With this article, we renew the Northwest Dentistry connection with the Minnesota Dental Association’s Committee on Ethics, Constitution and Bylaws.* And who better to help us during this time of transition than long-time NWD ethics reporter Dr. Jack Churchill, whose “What’s a Dentist to Do?” articles appeared regularly for ten years from 2001 to 2011. Jack put down his pen in 2011, and in recognition of his contribution was awarded the MDA President’s Award in 2012 “for outstanding service to the Minnesota Dental Association”. It is an adaptation of his speech accepting the award that appears here to continue the ethics conversation into coming issues. Readers please note that this speech is a very personal expression of one individual’s philosophy. It invites each of us to create one of our own based on whatever qualities we may choose to build upon. Readers are again invited to submit topics or questions on ethics, professional and personal.**
To quote Jack (we do that a lot): “What dentistry should be remains unchanged: compassion, kindness, service, humility, gentleness, and patience.”
I served 10 years as Chair of the Ethics, Constitution and By-Laws Committee and 10 years writing a column in Northwest Dentistry titled “What’s a Dentist to Do?” I enjoyed every moment of it. To be able to serve a profession I love and people I respect and admire is an absolute privilege. I was never much of a parliamentarian or committee director, but I think I do know how to write. Of course, after 10 years of doing anything, one should get good at it.
Many of you may not be familiar with my column, but it was always written from the heart. I tried to get to the core of what it is to be a dentist. How we think. What we feel. What makes us tick, so to speak.
Of course, it is an ethics column, and what drives ethics is perspective. So I tried to expand and broaden our perspective. I eliminated case studies. I asked my readers to take off their loupes and look at the human heart, the human condition. For example, I asked my readers to think about the concept of perfection. We were taught in dental school that “perfection is the Great Motivator helping us to strive for excellence”. But as we gained practice experience, we found perfection lurking around every corner as the Great Tormentor, sometimes leaving us broken and feeling insufficient when we inevitably fell short. So I wrote how it is okay to be less than what we aspire to. There is no shame in that as long as we get up after each fall and try harder. I remember conversations with Pat Foy several months ago and how he said dentistry grants us Mulligans. That is, if something doesn’t work out, we can re-do it. A healthy outlook.
I wrote about foolish pride, negativity, the art of discernment, choosing joy in dentistry, the power of presence, shame, and fighting the good fight. I wrote of a friend who committed suicide, and one who inspired us. Dentistry is full of things to write about. There is no shortage of subject matter.
As many of you may have noticed, one common thread in my column was my faith. I believe our Creator, however you may see Him, loves us and accepts us as we are. In that simple fact there is great hope. I have tried to sprinkle that message throughout my articles because I believe if we are to expand our scope, if we are to broaden our view, we must include God.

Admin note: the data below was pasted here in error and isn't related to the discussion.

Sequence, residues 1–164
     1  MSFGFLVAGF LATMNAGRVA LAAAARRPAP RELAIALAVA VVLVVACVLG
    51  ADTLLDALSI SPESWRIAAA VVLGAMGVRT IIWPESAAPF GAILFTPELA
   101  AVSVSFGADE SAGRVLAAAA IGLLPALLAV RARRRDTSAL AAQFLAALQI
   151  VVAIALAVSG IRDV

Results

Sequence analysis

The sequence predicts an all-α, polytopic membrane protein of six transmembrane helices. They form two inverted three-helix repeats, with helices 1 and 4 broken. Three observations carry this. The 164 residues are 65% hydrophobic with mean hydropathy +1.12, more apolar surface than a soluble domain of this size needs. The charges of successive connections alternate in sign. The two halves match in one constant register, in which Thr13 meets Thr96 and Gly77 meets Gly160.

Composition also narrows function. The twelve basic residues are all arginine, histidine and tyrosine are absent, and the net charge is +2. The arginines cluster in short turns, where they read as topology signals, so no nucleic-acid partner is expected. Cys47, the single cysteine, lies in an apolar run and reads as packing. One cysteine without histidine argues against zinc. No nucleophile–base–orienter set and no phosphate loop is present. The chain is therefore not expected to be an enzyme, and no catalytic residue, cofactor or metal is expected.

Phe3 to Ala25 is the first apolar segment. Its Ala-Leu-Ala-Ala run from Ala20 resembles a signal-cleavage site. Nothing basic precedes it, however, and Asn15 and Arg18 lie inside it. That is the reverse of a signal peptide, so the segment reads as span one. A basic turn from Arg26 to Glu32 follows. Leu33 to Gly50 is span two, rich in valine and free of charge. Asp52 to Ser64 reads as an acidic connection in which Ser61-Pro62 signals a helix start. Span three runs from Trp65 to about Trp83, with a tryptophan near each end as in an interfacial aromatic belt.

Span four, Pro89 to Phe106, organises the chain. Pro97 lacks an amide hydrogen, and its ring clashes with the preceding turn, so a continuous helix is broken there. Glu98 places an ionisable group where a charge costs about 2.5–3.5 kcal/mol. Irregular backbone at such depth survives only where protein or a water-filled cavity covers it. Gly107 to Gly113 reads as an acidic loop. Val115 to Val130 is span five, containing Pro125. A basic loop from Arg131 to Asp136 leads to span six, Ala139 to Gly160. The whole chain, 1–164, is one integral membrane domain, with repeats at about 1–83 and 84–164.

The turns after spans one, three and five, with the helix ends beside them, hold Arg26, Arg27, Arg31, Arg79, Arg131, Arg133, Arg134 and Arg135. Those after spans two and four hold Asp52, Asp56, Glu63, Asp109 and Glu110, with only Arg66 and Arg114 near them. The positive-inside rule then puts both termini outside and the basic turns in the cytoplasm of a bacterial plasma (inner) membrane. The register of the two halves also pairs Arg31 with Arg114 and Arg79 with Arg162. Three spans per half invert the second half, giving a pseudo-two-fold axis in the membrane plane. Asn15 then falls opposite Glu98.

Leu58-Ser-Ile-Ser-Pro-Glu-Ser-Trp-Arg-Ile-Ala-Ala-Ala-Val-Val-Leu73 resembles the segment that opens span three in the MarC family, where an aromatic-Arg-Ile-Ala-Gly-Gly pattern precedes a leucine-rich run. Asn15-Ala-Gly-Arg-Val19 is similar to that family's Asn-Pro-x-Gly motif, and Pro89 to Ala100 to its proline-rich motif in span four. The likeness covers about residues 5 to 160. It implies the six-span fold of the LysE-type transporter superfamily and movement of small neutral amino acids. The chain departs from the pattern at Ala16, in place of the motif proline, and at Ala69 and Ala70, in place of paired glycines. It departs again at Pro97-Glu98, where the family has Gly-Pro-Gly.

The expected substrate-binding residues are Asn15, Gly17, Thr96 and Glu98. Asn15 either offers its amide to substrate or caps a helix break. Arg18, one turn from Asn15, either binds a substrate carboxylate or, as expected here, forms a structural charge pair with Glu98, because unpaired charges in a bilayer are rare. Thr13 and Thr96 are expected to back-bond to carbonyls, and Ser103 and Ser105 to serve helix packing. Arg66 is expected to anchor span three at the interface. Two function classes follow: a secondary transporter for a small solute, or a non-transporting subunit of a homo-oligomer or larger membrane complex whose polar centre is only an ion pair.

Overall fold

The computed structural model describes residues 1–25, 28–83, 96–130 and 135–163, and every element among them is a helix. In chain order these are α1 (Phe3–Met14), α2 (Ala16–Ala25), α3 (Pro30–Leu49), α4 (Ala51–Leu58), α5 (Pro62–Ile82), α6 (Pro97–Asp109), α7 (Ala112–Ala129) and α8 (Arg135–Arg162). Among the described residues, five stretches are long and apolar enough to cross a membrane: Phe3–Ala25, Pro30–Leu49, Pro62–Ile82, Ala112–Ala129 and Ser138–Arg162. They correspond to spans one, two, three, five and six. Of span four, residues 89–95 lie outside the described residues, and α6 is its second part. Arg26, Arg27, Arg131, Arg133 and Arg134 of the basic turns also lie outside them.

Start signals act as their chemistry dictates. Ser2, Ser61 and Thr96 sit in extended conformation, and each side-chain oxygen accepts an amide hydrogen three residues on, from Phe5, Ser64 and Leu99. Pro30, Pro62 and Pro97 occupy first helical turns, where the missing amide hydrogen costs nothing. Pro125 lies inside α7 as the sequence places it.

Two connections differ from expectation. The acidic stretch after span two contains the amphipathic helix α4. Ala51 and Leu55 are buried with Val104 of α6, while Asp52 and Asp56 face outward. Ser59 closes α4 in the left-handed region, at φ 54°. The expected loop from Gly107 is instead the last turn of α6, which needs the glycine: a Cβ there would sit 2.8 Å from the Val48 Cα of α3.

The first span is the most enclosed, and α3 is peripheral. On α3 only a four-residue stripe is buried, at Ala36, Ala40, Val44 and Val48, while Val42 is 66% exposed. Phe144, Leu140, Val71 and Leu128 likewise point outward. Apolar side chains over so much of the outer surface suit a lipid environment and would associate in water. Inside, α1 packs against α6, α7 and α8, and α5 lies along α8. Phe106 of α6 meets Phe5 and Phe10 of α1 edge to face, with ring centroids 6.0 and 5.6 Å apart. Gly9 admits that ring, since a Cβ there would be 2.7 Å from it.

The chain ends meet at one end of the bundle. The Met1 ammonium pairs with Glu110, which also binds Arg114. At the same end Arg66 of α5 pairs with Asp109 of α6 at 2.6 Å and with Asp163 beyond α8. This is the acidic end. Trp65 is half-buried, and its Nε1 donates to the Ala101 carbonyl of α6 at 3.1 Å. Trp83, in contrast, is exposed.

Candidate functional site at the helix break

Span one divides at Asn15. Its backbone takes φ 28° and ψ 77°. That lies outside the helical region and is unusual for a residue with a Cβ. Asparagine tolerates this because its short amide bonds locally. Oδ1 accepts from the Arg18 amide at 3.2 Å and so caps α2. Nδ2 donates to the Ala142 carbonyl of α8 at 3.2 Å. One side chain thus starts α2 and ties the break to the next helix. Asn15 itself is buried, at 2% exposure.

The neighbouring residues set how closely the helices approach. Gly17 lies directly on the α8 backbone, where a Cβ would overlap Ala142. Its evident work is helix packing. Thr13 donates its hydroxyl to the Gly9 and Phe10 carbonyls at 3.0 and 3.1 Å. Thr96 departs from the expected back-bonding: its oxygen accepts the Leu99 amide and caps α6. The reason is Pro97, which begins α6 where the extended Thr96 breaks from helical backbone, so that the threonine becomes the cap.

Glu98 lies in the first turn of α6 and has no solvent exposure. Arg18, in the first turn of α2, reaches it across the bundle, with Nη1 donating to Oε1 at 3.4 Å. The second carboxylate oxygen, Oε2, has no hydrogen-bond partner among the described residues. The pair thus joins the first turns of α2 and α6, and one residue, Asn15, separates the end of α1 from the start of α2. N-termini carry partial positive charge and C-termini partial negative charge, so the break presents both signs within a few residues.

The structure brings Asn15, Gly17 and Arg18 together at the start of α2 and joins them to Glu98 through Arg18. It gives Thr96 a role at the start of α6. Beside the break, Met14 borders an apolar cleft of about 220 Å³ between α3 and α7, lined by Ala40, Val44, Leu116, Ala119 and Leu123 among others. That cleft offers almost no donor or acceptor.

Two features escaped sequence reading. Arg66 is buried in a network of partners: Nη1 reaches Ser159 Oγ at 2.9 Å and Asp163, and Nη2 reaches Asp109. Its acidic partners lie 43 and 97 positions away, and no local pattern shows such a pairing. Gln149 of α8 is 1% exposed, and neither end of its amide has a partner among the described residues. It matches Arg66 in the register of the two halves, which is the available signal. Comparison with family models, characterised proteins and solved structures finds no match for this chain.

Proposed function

You know, the great cathedrals of Europe were built by men who were largely unknown. They labored day after day offering personal sacrifice, building something they would probably never see finished. Their names would never be on the buildings they built. They took no credit. They are now in essence invisible, but their work remains.
There is one story of a builder carving a bird inside a beam that would be covered by a roof. Someone asked him, “Why do you spend so much time on something no one will ever see?” He replied, “I do it because God sees it.”
We too often work invisibly at great sacrifice — arriving early before staff to prepare for a day’s work, spending extra time on a tooth preparation that we know won’t really pay us any more, discounting someone’s fee without anyone noticing, attending alone countless CE courses, giving away our time and services to people in need, volunteering at Give Kids a Smile, Project Homeless Connect, or Mission of Mercy. We do these things not because we want to be seen, but because God sees everything.
When we do these things, God says, “I see you. You are not invisible to me. No sacrifice is too small for me to notice. I see what you did for that patient. I see you coming early and staying late. I see your disappointments, your struggles, your failures. I see your hard work. I see your victories.”
This invisibility may sometimes seem unfair, even like an affliction, but it is not. It is a cure for the disease of our self-centeredness, an antidote to our own pride. I think it’s okay people don’t see. I think it’s okay that they don’t know. Because really, if we broaden our perspective, if we truly understand, we don’t do these things for our patients. We do them for Him.
Just remember, you, in your own way, are building a great cathedral. So thank you again for acknowledging my work and for this kind award.
*Dr. Jim Westman is the chair of the Committee on Ethics, Constitution and Bylaws. Email is email@example.com
**Readers may also contact Northwest Dentistry Managing Editor Sue Miller at firstname.lastname@example.org
directly with ideas for upcoming articles